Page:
Province – 3
It was wonderful hearing about the progress being made in the Pimbahal Pokhari! It has been a while since the earthquake damaged so many of our heritage sites, and I am glad that the reconstruction work is finally being implemented.
This news has even inspired me to base my final project on post-disaster relief and reform operations. I have decided to analyze the role of understanding the presence of our heritage sites, dotted against Kathmandu’s busy, bustling, and urban backdrop, and how its location in relation to the city impacts the post-disaster recovery projects. This is one of the many implementations of mapping I have discovered in my core class. Since I know that you are intrigued and always fascinated by how far technology has come in terms of satellite imagery and tracking our location through our hand-held devices, I thought I’d tell you about my core class: Data and Human Space.
The class is exactly what it sounds like! We explore data in many forms – reports, maps, and business directories among others – that define how we, humans have managed to claim and represent space throughout the years. Since the class has to do with space, you can guess that we saw a lot of maps! But these maps weren’t like the ones we flip through in atlases, but they hold a more detailed and unique documentation of places and events.
For instance, we watched videos that discussed how pointing out zones with high crime rates by mapping them allowed people to avoid these areas, promoting their safety. Another interesting implementation of mapping was its use in urban planning; policy makers would analyse maps showcasing the production and harvest of different regions, which helped them make decisions on resource allocation and deployment of infrastructure development plans.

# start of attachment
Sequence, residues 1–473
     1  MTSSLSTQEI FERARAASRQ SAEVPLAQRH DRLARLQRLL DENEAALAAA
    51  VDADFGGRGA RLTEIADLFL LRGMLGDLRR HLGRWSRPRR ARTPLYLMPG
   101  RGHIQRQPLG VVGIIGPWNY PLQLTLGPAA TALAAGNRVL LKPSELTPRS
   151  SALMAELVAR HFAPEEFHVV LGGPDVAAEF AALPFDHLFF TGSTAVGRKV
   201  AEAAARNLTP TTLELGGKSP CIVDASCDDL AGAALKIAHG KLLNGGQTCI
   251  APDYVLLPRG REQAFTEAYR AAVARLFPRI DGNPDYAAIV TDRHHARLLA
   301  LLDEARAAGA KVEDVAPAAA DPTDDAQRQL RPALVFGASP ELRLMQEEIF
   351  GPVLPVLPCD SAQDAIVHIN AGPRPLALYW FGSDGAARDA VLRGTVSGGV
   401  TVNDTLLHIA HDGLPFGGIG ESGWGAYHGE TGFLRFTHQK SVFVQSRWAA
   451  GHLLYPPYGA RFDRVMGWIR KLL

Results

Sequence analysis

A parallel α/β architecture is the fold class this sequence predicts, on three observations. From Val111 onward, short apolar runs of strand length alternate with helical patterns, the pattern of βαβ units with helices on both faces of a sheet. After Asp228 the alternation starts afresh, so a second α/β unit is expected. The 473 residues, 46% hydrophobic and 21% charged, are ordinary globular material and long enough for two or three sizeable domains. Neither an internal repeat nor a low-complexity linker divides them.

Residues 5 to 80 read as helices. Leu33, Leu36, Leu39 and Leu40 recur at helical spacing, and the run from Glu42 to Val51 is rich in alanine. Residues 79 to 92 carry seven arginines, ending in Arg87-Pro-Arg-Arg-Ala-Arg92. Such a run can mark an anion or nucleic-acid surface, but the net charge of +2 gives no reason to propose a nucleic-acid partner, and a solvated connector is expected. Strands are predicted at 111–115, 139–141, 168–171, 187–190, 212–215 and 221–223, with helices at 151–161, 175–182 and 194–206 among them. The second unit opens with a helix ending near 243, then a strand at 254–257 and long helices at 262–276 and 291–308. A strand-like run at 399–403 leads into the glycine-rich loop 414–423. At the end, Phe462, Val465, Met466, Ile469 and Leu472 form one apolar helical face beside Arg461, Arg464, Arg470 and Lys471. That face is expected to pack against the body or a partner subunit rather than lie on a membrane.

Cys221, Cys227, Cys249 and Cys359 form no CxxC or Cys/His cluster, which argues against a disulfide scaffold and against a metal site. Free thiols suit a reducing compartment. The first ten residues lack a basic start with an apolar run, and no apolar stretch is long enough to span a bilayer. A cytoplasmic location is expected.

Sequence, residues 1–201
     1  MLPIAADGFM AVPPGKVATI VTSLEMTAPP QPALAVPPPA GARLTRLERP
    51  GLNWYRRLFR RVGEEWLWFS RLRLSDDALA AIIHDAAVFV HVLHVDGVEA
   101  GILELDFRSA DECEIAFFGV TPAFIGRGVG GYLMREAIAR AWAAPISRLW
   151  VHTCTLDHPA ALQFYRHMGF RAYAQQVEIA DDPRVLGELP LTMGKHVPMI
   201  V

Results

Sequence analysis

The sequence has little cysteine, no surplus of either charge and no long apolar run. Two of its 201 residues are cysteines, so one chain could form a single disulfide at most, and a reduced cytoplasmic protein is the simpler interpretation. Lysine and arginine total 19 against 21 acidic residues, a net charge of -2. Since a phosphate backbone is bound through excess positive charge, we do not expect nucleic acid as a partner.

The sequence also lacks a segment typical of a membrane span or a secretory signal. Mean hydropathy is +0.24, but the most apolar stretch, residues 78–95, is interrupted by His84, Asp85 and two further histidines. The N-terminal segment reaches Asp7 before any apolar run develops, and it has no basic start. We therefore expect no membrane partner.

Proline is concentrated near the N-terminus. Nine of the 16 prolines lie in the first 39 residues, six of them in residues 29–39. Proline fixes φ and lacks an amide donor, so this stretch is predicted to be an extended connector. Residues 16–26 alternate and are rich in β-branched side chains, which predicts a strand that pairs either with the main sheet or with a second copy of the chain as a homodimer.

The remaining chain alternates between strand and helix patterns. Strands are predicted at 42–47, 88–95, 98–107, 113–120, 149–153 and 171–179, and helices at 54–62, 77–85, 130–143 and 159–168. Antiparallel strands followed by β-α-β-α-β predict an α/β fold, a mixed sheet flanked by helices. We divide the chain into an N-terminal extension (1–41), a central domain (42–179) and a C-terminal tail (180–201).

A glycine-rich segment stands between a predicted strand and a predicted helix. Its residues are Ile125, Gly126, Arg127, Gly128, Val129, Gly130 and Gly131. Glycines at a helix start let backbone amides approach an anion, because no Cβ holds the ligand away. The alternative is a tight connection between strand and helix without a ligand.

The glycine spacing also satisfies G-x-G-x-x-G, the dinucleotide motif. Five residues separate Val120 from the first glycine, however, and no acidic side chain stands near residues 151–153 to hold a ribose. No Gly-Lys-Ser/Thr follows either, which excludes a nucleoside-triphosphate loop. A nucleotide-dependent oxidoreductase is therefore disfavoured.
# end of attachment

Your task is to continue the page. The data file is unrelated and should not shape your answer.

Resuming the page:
While these implementations may seem more obvious as it involves mapping current situations, we came across some other uses of mapping, some which we didn’t really have an idea of before. The application of mapping I found most interesting was the project Mapping the Mahjar, which represents the Syrian immigration to the United States in the late 1800s. It gathered information from business directories, census records, naturalization documents, passport applications and city directories and projected it into a map to visualize the stories of the business owners who migrated to the United States. It even incorporates details about the immigrants personal and professional lives into an interactive map, and presents a narrative of the lives of Syrian immigrants. This was something I couldn’t have imagined before, and I found it extremely intriguing how mapping data from sources such as business directories could provide an overview of a migration movement.
This class has made us realize the vast scope of not only mapping, but also of understanding the relationship between humans and their space and how we claim and represent it in a unique way.
I imagine you’ll be keeping yourself busy exploring all these amazing projects, and I can’t wait to show you my final project for this class when I come home for the holidays!
See you soon!